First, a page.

P. Papin, H. Labelle, S. Delorme, C.-E. Aubin, J. A. de Guise, J. Dansereau
February 1999, Volume 8, Issue 1, pp 16 - 21 Original article Read Full Article 10.1007/s005860050121
First Online: 17 February 1999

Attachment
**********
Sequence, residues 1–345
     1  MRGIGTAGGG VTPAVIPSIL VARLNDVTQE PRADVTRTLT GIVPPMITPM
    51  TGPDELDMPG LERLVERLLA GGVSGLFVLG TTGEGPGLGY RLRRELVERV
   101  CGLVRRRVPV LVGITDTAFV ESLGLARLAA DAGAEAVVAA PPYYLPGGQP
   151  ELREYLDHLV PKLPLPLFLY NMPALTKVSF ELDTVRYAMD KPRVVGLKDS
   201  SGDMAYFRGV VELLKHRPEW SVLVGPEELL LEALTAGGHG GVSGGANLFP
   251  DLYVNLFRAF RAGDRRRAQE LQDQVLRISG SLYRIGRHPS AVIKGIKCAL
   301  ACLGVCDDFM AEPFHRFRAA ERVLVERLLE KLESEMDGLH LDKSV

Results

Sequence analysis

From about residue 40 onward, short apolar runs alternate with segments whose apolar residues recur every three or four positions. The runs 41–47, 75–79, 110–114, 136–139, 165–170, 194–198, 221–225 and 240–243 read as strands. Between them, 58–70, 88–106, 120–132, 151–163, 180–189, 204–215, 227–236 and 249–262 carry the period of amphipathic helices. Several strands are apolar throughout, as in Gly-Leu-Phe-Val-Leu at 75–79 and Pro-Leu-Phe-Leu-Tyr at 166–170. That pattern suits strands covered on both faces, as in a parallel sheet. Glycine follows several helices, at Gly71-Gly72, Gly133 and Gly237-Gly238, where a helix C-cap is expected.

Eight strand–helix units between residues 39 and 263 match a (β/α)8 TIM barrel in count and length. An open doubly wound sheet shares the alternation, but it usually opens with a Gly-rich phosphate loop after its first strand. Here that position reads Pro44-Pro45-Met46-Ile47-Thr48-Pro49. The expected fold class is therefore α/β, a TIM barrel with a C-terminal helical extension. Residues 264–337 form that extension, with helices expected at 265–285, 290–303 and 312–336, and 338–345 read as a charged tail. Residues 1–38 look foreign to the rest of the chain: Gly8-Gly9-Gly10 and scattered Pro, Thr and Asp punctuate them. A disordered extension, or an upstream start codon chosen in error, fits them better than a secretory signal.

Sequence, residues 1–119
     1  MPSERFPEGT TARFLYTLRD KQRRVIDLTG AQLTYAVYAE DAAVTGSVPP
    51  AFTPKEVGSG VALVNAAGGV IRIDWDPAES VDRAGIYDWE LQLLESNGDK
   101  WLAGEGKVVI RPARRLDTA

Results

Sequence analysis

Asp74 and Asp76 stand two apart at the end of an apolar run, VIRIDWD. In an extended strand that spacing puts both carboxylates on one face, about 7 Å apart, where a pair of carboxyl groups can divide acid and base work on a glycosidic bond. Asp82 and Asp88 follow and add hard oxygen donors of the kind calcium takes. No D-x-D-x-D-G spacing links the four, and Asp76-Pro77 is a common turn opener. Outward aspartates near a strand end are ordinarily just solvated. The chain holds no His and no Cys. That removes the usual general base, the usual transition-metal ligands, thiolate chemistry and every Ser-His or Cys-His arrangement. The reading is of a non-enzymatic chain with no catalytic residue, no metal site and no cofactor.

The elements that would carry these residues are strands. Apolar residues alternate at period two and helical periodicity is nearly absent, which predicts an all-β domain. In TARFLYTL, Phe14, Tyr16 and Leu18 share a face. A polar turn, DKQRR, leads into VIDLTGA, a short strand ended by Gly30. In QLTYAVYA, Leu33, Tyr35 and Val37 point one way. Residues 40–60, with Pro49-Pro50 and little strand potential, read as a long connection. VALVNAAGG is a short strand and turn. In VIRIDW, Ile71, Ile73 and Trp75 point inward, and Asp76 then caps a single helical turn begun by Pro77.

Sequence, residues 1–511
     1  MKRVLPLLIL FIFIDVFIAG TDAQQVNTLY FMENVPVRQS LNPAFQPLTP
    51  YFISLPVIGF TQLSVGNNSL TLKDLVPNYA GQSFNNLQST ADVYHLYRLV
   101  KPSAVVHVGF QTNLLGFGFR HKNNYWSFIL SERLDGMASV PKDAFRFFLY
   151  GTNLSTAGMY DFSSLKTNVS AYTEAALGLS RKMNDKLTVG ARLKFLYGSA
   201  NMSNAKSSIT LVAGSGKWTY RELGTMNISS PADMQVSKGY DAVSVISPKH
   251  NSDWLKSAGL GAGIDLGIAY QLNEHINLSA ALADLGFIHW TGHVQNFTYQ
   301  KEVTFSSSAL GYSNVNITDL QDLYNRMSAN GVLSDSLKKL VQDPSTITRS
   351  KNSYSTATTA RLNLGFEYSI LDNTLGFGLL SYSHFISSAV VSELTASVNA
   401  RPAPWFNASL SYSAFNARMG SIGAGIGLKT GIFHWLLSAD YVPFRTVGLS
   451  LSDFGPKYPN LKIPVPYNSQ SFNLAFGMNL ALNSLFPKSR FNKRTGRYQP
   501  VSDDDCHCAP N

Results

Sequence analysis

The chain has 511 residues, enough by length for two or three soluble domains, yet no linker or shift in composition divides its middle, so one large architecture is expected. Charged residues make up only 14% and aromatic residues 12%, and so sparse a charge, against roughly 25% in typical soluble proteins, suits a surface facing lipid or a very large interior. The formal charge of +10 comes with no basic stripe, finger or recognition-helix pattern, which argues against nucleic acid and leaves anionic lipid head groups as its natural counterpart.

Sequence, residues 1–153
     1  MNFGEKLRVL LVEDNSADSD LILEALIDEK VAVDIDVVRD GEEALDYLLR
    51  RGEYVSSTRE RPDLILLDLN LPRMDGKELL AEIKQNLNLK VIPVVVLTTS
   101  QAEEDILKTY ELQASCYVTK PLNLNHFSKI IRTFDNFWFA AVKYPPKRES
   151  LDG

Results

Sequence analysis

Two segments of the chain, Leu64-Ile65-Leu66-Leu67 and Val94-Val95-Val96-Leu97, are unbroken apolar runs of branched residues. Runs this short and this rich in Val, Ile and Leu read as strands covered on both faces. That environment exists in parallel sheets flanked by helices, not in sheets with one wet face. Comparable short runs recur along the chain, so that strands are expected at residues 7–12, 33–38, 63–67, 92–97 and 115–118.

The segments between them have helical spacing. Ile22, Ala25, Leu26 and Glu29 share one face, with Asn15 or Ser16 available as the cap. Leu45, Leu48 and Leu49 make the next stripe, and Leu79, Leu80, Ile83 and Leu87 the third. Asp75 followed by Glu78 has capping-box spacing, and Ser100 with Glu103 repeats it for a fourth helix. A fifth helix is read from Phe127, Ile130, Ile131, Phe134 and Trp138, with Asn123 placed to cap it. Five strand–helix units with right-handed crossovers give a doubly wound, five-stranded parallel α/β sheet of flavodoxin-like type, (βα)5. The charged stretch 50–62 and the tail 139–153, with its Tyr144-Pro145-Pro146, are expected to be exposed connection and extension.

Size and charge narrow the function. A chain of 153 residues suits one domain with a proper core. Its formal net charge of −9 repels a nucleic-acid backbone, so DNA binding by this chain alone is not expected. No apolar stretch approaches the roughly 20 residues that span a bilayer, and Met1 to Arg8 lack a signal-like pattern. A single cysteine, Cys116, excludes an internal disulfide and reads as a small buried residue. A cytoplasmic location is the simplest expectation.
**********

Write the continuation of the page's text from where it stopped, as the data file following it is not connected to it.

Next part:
This is a prospective study comparing the short- and long-term three-dimensional (3D) changes in shape, length and balance of the spine after spinal instrumentation and fusion in a group of adolescents with idiopathic scoliosis. The objective of the study was to evaluate the stability over time of the postoperative changes of the spine after instrumentation with multi rod, hook and screw instrumentation systems. Thirty adolescents (average age: 14.5 ± 1.6 years) undergoing surgery by a posterior approach had computerized 3D reconstructions of the spine done at an average of 3 days preoperatively (stage I), and 2 months (stage II) and 2,5 years (stage III) after surgery, using a digital multi-planar radiographic technique. Stages I, II and III were compared using various geometrical parameters of spinal length, curve severity, and orientation. Significant improvement of curve magnitude between stages I and II was documented in the frontal plane for thoracic and lumbar curves, as well as in the orientation of the plane of maximum deformity, which was significantly shifted towards the sagittal plane in thoracic curves. However, there was a significant loss of this correction between stages II and III. Slight changes were noted in apical vertebral rotation, in thoracic kyphosis and in lumbar lordosis. Spinal length and height were significantly increased at stage II, but at long-term follow-up spinal length continued to increase while spinal height remained similar. These results indicate that although a significant 3D correction can be obtained after posterior instrumentation and fusion, a significant loss of correction and an increase in spinal length occur in the years following surgery, suggesting that a crankshaft phenomenon may be an important factor altering the long-term 3D correction after posterior instrumentation of the spine for idiopathic scoliosis.
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